The Economics Of Privacy

Tristan recently blogged about privacy as a currency. His point:

Privacy is a currency for which we don’t know the [ex]change rate. It’s something we’re giving to online services without knowing what it’s worth.

I started to apply basic economics to that idea. It seems to me that a key point is that the exchange rate of the currency is not only unknown, but it is also different for different people. You may value your privacy much more highly than I do. By contrast, for people in the same socio-economic group, the value of the information to the company is (approximately) the same. For most of the readers of this blog, it’s worth about the same to (e.g.) Google to know X amount about you as it is to know X amount about me.

A mutually beneficial exchange is one in which both parties receive something of greater value than what they lost. Is our loss of privacy mutually beneficial? It depends. I may decide to put a $50 value on the privacy of my list of friends. If that list is worth $100 to Google or Facebook, and they will provide me with $70 worth of services in return for it, then clearly the exchange is a beneficial one. However, if you value your list of friends at $500, then it would not be a good exchange for you, if all else was the same.

Another important economic attribute of exchanges is that they should be ‘fair’. A fair exchange is one which is uncoerced, and in which both parties understand what they are giving away and receiving. Do people understand what they are giving away when they give away their privacy? Perhaps not. Or it could be just that they put a low value on it. In which case, it’s entirely reasonable for them to make the trade.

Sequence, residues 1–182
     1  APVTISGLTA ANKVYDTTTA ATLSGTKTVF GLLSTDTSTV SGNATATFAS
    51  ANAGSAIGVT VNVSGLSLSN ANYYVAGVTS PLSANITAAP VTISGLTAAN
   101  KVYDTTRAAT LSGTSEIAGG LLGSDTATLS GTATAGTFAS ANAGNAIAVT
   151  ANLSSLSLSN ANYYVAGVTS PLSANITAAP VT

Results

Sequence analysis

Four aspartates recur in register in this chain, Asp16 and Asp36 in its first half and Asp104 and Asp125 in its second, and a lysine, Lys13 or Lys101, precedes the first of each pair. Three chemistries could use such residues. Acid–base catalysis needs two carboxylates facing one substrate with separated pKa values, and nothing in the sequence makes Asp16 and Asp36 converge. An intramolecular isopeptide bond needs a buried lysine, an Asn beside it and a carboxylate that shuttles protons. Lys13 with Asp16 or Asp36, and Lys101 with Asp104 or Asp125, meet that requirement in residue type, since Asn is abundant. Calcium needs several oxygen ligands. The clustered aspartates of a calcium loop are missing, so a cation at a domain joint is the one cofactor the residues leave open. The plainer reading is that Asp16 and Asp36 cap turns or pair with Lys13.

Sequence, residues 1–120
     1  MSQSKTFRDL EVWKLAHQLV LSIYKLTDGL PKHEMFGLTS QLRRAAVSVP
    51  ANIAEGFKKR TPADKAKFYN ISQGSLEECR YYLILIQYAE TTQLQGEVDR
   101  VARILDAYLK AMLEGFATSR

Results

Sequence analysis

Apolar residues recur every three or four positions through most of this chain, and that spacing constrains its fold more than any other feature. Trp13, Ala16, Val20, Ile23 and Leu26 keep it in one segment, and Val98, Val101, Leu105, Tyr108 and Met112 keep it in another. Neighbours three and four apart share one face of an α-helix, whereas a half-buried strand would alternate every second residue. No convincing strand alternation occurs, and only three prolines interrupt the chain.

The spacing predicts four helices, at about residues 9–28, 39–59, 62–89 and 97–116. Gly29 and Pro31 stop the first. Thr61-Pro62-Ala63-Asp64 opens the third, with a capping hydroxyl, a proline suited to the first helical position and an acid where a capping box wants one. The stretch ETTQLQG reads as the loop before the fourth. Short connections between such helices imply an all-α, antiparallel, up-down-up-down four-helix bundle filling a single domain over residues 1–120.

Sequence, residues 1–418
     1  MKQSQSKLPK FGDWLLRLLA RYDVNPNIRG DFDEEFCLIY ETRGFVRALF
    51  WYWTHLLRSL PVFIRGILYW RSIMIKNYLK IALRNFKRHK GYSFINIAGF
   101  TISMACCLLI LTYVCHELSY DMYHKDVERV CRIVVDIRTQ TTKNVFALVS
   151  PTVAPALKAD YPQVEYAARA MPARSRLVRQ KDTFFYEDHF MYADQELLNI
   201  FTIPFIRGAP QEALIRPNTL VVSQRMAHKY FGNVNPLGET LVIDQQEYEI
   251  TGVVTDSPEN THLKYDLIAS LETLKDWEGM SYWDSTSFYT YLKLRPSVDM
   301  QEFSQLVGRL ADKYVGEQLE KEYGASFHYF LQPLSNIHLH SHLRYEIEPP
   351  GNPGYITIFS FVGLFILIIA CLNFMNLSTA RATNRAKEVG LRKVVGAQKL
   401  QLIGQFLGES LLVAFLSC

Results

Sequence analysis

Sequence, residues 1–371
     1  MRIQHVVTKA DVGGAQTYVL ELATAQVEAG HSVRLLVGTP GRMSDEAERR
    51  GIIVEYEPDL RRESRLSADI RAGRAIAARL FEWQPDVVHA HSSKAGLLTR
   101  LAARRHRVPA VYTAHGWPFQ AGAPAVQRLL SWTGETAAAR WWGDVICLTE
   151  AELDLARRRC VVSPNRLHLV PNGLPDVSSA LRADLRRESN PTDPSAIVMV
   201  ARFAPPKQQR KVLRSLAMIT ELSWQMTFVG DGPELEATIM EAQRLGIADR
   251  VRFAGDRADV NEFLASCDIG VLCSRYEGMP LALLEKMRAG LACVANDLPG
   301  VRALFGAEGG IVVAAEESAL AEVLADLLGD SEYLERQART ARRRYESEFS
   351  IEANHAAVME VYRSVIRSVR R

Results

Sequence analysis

Conclusion: privacy advocacy is not about persuading people not to use particular privacy-reducing services, it’s about persuading people to understand the value they personally put on their privacy and perhaps, secondarily, to increase that number. But if people, once they understand, choose not to increase that number and to make privacy-reducing deals, we should respect their free choice.

6 thoughts on “The Economics Of Privacy

  1. Great conclusion. What we need to do it to educate people on privacy issue and let them make an informed choice. Sounds actually pretty close to OpenToChoice.org :-)

  2. Let’s say Joe has Tom, Dick and Harry as friends. Joe values his friends list’s privacy at $50, and sells it for services (priced at $70, but costing $10 to Google to produce) to Google, who value that friends list at $100. So far so good (though one could still argue about who swindled whom): Joe gave away $50 and got $70, Google gave away $10 and got $100. But don’t Tom, Dick and Harry lose something, uncompensated, in Joe’s exchange with Google? Friendship (and trust) cuts both ways.

  3. Tony: interesting point. In one sense, they’ve lost nothing, because the fact that Tom is friends with Joe is a fact that both Tom and Joe have a right to reveal to anyone they want. Tom can’t really say to Joe “I’m your friend, but I don’t want you to tell anyone about it”.